Simple Deep Learning for Programmers: Write your own modern neural networks in Keras and Python for images and sequence data

Simple Deep Learning for Programmers: Write your own modern neural networks in Keras and Python for images and sequence data

English | 2018 | 89 Pages | EPUB, AZW3 | 10 MB

Want to learn deep learning and AI, but hate math?
This book is an experiment for me.
After years of teaching successful deep learning and machine learning courses online, I’ve come to notice a few patterns.
One of them is that a large subset of students just RUN AWAY at the sight of math.
This is somewhat problematic since machine learning is essentially applied math (e.g. instead of just writing down equations you’re programming the equations into a computer in order to perform some useful task).
A lot of students have asked me, “Lazy Programmer, is it possible to learn machine learning with an API?”
Indeed, in programming, the idea that you can have abstractions for different components in a large system is a very powerful concept.
It means that instead of having to understand every single line of code in great detail, you instead trust that other programmers, all building their respective components, have completed their respective piece of the puzzle.
An API is a contract. It says, “You give me this, and I promise to give you this back.”
It allows you to focus on writing your part of the system only, since you trust that everyone else has performed their jobs correctly.
This book is an experiment to see how well students can learn some of the basic concepts in deep learning, without having to do any math or theoretical work.
If you are a programmer that wants to learn deep learning by taking the “API approach”, then this book is perfect for you.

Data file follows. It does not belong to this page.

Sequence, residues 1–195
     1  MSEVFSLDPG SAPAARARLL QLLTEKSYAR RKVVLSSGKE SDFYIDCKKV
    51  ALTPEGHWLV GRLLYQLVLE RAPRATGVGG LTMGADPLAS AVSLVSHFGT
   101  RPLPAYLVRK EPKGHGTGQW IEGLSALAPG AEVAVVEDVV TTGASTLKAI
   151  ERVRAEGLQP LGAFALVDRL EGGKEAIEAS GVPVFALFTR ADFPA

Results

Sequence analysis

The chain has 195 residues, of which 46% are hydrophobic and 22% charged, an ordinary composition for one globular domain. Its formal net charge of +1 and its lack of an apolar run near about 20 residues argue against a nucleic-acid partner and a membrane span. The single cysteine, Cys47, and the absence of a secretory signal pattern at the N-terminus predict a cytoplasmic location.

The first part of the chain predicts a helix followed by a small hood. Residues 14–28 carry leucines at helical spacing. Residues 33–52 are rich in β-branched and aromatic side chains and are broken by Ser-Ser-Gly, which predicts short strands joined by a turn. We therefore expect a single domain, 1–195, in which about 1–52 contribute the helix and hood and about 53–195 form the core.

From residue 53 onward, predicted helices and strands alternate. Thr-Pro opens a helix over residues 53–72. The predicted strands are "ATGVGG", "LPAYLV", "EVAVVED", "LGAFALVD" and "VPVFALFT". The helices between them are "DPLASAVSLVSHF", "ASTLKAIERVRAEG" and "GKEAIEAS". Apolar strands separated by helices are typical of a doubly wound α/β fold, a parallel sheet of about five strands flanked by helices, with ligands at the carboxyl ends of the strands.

I have courses totaling over 100 hours of math, algorithms, and theory. If that’s what you’re looking for, this is not it.
In this book, we’re going to learn how to solve practical problems using deep learning in Python and Keras, without having to do any math beyond basic arithmetic.
We’ll be looking at several modern neural network architectures and concepts, including:

  • Feedforward Neural Networks
  • Dropout Regularization
  • Batch Normalization
  • Convolutional Neural Networks
  • Recurrent Neural Networks (LSTM and GRU)

We will also use these concepts to solve real-world problems, such as:

  • Image Classification
  • Text Classification (Sentiment Analysis)
  • Neural Machine Translation

If you think these are just toy problems, think again.
Image classification is used in object detection, which is in turn used for up and coming technologies such as self-driving cars. The same techniques can be applied to facial recognition (although I don’t know too many people who are excited by this technology).
Sentiment analysis and spam detection are two examples of text classification. Sentiment analysis has been applied to predict the stock market (yes, you can even use this technology to get rich!) and spam detection is used everyday by companies like Google, Yahoo, and Microsoft to keep your email inboxes clean and free of spam.
I don’t think anybody needs to be convinced that machine translation is useful and practical. Imagine communicating with someone around the world who doesn’t even speak the same language as you! Truly incredible.
As of today, the easiest way to create neural networks to perform the above tasks is a library called Keras written in the Python programming language.
The goal of this book is to get you writing code for practical applications, without having to spend years and years learning all the math and theory usually required to understand deep learning from scratch.
EVERY piece of code in this book is designed to be run by YOU. EVERY piece of code is explained line-by-line, so you understand what’s happening as you run it.
This book is meant to be extremely hands-on. If you are not coding as you read it, you are doing it wrong!
By the end of this book, you’ll be a natural at writing code to (1) load in your dataset, (2) train your machine learning model, (3) make new predictions using your model, and (4) evaluate your model’s performance.